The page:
In a follow-up post I will look at the work currently being undertaken to evaluate the 4AT.

Update, 5th October 2016. The following was published on the 
front page of the Scotsman newspaper: 

"Mental health prescriptions hit ten-year high"

prescriptions-for-mental-health-drugs-10-year-high-nhs-scotland-2016-a prescriptions-for-mental-health-drugs-10-year-high-nhs-scotland-2016-b

The figures are from the Scottish Government and can be accessed here.

“In pursuit of marketing approval” [antidepressants for anxiety]

This is a report in the current BMJ:  Publication bias01This was the result of the pursuit of the market:Publication bias02The US Food and Drug Administration failed to ensure scientific objectivity:Publication bias03Robert K Merton would weep at this.

Update, 5th October 2016. The following was published on the 
front page of the Scotsman newspaper: 

"Mental health prescriptions hit ten-year high"

prescriptions-for-mental-health-drugs-10-year-high-nhs-scotland-2016-a prescriptions-for-mental-health-drugs-10-year-high-nhs-scotland-2016-b

The figures are from the Scottish Government and can be accessed here.

Haloperidol in Scotland

At the start of November 2014 I wrote to all 14 regional NHS Boards in Scotland regarding the prescribing of the antipsychotic medication generically called HALOPERIDOL.

The 14 regional NHS Boards are responsible for “the protection and the improvement of their population’s health and for the delivery of frontline healthcare services”.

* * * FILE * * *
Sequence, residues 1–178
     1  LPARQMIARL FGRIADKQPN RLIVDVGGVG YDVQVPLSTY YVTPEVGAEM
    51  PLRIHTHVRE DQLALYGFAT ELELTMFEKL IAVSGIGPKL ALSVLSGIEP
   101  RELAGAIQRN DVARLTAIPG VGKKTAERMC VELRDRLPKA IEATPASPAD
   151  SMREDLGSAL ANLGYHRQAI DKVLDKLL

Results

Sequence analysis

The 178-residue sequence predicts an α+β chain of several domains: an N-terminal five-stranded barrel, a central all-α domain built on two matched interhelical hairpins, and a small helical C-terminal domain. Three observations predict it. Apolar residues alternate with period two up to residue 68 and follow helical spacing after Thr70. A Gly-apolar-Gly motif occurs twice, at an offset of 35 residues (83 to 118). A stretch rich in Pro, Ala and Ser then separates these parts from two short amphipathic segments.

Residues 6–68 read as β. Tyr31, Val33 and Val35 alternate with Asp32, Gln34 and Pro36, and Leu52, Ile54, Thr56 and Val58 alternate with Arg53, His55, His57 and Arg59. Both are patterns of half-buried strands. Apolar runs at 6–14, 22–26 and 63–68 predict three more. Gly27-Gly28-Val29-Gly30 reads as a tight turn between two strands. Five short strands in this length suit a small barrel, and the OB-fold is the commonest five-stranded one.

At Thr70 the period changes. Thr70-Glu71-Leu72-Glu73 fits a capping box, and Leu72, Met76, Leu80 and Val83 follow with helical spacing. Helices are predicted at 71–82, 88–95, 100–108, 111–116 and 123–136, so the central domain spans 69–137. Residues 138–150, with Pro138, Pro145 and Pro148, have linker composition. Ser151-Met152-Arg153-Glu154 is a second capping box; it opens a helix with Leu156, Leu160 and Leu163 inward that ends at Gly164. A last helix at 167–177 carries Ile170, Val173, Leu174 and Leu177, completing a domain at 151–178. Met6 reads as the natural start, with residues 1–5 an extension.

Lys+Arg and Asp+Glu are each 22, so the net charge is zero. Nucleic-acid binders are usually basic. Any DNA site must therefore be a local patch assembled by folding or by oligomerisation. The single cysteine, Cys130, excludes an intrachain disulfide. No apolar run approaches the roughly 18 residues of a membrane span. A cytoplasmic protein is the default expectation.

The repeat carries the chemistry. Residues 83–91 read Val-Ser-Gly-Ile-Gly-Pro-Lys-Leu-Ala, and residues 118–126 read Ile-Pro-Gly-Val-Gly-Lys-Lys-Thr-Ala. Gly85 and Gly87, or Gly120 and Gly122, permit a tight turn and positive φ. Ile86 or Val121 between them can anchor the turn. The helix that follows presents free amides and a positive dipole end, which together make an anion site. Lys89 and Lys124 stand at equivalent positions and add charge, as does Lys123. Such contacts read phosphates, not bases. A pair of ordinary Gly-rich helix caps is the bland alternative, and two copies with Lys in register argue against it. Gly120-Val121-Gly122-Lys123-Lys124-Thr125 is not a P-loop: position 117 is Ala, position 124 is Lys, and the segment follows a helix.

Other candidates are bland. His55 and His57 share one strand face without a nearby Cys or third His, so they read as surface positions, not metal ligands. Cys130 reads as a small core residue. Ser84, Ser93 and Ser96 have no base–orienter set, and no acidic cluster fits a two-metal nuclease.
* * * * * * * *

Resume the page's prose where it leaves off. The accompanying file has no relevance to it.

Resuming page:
In this post you will find the prescribing figures and the link to the full reply by each NHS Board.

Each NHS Board area generally provided the extant protocols/guidelines that include Haloperidol as part of any treatment pathway. These may include protocols for Dementia, Delirium, Rapid Tranquilisation and alcohol withdrawal. To access these please click on NHS Board heading (in dark blue)

glasgowQuantity of haloperidol issued in Greater Glasgow NHS Board area:NHS Glashow haloperidolThe Excel spreadsheet can be accessed here. Greater Glasgow NHS Board confirmed that “the system used to extract this data was established in April 2010 and data prior to this is not included”.

 

LothianQuantity of haloperidol issued in Lothian NHS Board area:NHS Lothian HaloperidolNHS Lothian protocols can be accessed here

 

Grampian Quantity of haloperidol issued in Grampian NHS Board area:NHS Grampian HaloperidolNHS Grampian protocols can be accessed here 

 

Forth VQuantity of haloperidol issued in NHS Forth Valley Board area:NHS Forth Valley HaloperidolNHS Forth Valley protocols can be accessed here